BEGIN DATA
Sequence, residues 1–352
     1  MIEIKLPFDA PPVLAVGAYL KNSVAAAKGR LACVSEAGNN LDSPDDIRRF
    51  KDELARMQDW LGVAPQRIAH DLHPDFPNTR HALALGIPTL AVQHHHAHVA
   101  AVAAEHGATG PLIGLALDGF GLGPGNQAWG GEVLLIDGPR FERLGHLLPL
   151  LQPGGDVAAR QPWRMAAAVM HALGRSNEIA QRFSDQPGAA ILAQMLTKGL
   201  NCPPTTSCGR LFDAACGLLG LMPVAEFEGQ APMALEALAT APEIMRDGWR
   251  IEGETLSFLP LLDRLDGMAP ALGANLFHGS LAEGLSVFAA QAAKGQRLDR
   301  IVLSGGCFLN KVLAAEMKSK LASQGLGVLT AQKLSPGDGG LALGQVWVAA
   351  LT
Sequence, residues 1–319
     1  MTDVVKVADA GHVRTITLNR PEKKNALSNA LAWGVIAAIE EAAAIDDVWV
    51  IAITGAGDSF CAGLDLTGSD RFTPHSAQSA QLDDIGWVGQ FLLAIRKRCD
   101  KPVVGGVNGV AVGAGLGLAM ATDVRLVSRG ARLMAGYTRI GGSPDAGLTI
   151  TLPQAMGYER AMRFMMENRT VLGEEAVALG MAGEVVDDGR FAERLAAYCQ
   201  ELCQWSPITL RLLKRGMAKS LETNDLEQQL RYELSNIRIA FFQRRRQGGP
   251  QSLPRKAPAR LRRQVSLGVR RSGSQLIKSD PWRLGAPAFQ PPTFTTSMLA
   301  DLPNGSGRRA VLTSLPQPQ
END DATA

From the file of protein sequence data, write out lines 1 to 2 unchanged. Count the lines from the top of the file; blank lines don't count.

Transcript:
Sequence, residues 1–352
     1  MIEIKLPFDA PPVLAVGAYL KNSVAAAKGR LACVSEAGNN LDSPDDIRRF